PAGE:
How are Expense Reimbursements Taxed by the IRS?
If your business reimburses you or your employees for out-of-pocket expenses, the IRS treats such reimbursements as being made under either an accountable plan or a non-accountable plan. If reimbursements are made under a non-accountable plan, they are taxed as income to the employee and the business will incur payroll tax liability and must withhold taxes for the reimbursements. In order to avoid these negative tax consequences, the reimbursements must be made in compliance with the IRS rules for an accountable plan.
What is an Accountable Reimbursement Plan?
An accountable plan is an expense reimbursement arrangement that is designed to ensure that expense reimbursements made by a business are for legitimate business expenses and that the expenses are properly substantiated. An accountable plan must meet 3 requirements to satisfy the IRS’s standard: (1) the expenses must have a business connection; (2) the expenses must be substantiated within a reasonable period; and (3) the employee must return any excess advance reimbursements, also within a reasonable period. If these requirements are met, the expense reimbursements are not taxable to the owner or employee and the business receives a deduction for the reimbursements.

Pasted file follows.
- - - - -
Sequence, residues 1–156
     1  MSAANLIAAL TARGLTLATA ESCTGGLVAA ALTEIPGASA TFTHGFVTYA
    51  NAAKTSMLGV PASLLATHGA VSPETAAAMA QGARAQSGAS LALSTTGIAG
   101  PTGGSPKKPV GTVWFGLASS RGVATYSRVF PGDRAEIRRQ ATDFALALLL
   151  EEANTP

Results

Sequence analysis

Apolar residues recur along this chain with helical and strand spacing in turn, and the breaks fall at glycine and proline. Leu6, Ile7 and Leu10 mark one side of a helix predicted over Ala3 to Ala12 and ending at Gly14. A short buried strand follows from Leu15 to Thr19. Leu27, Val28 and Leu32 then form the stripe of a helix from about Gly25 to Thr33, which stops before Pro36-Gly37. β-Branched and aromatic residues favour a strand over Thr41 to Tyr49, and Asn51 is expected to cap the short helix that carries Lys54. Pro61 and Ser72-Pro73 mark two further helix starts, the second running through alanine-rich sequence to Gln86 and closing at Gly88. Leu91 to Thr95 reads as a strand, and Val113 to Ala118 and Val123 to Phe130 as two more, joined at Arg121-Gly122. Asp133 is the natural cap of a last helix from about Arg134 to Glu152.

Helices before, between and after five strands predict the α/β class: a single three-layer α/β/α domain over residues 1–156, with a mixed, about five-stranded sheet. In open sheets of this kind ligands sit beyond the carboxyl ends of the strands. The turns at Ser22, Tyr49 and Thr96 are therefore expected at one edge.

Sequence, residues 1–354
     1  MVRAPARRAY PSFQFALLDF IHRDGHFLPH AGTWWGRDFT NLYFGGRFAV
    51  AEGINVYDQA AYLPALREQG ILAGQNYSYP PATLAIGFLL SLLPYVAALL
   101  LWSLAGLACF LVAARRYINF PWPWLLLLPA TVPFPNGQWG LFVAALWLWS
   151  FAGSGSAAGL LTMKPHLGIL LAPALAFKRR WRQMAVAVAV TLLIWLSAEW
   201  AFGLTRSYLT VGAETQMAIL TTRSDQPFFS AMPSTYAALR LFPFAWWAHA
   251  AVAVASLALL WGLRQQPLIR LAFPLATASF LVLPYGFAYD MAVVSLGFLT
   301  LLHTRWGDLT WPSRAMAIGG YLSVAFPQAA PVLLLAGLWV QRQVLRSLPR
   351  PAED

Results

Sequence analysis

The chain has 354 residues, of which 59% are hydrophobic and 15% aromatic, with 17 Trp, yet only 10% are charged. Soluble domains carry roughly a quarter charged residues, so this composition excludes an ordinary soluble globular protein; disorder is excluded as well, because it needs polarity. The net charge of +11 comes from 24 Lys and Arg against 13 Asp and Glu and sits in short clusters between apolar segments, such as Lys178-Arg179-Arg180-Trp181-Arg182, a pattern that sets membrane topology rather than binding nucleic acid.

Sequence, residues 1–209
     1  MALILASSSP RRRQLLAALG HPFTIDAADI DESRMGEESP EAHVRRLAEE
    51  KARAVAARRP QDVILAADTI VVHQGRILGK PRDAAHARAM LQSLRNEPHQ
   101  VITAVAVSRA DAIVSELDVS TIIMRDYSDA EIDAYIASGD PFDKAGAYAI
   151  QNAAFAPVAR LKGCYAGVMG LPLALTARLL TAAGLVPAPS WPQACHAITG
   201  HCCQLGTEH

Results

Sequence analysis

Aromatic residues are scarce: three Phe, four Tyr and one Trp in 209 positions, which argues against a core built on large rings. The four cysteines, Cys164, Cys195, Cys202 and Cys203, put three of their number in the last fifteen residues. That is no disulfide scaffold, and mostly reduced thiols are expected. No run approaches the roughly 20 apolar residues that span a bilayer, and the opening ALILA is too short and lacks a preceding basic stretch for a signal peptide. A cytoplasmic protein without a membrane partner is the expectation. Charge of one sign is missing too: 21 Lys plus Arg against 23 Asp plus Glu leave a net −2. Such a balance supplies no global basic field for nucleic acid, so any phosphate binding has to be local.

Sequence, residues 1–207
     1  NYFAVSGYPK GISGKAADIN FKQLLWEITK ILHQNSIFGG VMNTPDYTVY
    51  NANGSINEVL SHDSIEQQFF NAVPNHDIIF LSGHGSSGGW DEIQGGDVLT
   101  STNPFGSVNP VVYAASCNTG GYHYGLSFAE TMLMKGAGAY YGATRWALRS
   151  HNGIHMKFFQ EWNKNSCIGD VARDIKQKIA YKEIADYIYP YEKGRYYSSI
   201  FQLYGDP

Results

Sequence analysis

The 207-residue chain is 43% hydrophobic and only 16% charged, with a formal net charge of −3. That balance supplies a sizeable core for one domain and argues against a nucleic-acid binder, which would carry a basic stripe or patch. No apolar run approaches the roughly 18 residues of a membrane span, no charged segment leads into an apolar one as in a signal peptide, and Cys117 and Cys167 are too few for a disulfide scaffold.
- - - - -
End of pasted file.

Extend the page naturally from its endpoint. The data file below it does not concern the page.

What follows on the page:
If any of the three conditions are not met, the reimbursement arrangement is treated as being under a nonaccountable plan and the reimbursement is considered to be taxable compensation to the employee.
What Types of Expenses Qualify Under an Accountable Plan?
To qualify for reimbursement under an accountable plan, the expenses must be incurred or paid in connection with the employee’s performance of service.
Some common types of business-related expenses approved by the IRS include:
- Travel expenses
- Car expenses
- Home office expenses
- Supplies and tool expenses
- Cell phone and internet expenses
- Training, development, dues, and license expenses
Must an Accountable Plan be Made in Writing?
There is no requirement by the IRS that an accountable plan be made in writing. However, it is recommended that all accountable plans be made in writing as a best practice. Having a documented accountable plan allows your business to clearly define its policy and procedure for expense reimbursement, as well as to substantiate compliance with IRS requirements and defend against any potential examination by the IRS.
If you would like more information about creating an accountable plan for your company or if you would like us to review an existing reimbursement policy to confirm it meets the IRS requirements to qualify as an Accountable Plan, please reach out to us at (404) 356-5682.